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Grand Rounds 2018

Tuesday, Dec. 18

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George Bakris, MD
Professor of Medicine
University of Chicago Medicine

“Changing Trajectory of Diabetic Kidney Disease”

 

For more than three decades, Dr. Bakris has worked on the front lines of kidney disease, hypertension and diabetes research, and he has made crucial discoveries that have had a lasting effect on diabetes and hypertension therapy. Bakris specializes in kidney research, but has also crossed over into overlapping therapeutic areas like CVD and diabetes management.

Tuesday, Dec. 11

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Javed Butler, MD, MPH, MBA
Professor, Chair of Medicine

“Department of Medicine Faculty Meeting”

 

Tuesday, Dec. 4

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Kenneth Vick, MD
Professor, General Surgery

“Bariatric Surgery: What should the Internist know?”

Tuesday, Nov. 27

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Robert Mentz, MD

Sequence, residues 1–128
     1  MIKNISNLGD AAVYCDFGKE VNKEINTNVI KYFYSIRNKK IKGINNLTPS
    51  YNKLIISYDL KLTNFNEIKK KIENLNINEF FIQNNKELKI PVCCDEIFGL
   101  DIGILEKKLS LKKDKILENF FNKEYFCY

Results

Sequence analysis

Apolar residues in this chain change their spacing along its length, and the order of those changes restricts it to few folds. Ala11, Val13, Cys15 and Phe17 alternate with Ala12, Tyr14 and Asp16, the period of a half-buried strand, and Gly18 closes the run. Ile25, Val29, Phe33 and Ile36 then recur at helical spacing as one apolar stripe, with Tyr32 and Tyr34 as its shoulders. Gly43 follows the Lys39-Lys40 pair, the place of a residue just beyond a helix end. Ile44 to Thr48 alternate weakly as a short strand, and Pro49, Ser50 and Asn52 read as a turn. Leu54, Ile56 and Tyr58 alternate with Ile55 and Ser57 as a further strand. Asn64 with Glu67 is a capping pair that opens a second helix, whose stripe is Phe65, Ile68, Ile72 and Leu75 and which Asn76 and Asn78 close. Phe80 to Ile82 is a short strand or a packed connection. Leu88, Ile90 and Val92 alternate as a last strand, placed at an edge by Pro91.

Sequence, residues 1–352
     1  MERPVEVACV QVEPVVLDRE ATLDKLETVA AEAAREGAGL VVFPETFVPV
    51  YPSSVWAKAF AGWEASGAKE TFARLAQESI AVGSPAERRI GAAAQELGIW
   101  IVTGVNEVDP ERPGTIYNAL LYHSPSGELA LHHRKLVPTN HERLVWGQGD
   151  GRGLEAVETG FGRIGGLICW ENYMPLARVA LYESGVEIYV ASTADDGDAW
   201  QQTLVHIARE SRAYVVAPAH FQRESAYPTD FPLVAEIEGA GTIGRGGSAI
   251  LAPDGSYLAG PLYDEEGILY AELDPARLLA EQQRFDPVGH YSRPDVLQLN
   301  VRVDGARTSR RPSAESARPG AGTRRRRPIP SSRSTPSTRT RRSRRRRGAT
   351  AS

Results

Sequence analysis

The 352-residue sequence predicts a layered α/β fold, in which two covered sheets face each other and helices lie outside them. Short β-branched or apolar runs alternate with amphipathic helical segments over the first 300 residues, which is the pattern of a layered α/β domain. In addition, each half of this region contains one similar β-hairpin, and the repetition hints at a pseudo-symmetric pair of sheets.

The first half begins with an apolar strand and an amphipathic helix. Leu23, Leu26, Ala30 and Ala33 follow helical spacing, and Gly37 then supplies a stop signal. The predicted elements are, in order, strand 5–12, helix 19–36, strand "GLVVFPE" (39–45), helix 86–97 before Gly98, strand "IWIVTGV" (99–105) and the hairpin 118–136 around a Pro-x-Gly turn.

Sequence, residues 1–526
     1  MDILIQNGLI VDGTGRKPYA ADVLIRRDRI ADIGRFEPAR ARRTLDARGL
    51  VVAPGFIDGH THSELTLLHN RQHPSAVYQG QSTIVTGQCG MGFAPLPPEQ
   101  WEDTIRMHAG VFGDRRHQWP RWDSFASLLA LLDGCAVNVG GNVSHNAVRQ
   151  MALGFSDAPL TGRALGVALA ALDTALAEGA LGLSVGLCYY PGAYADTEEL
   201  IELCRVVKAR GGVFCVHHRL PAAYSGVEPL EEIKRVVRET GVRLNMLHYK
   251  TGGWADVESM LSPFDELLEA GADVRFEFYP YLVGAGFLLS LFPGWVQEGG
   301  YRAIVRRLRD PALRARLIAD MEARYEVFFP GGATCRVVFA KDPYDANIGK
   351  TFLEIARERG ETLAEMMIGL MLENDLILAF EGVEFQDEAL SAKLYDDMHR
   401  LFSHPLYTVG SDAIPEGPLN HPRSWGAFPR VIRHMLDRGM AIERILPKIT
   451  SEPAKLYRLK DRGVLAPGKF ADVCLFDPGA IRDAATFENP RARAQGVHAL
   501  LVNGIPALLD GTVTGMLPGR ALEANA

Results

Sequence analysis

Assistant Professor of Medicine
Director, Duke University Cooperative Cardiovascular Society
Advanced Heart Failure and Cardiac Transplantation
Duke University Medicine Center | Duke Clinical Research Institute

“Pragmatic Trials: Lessons Learned and Future Directions”

Dr. Robert Mentz is a cardiologist in Durham, North Carolina and is affiliated with Duke University Hospital. He received his medical degree from Emory University School of Medicine and has been in practice between 6-10 years. He is one of 111 doctors at Duke University Hospital who specialize in Cardiology.

Tuesday, Nov. 13

Clinical Quality Improvement Conference

Tuesday, Nov. 6

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Daniel Dressler, MD,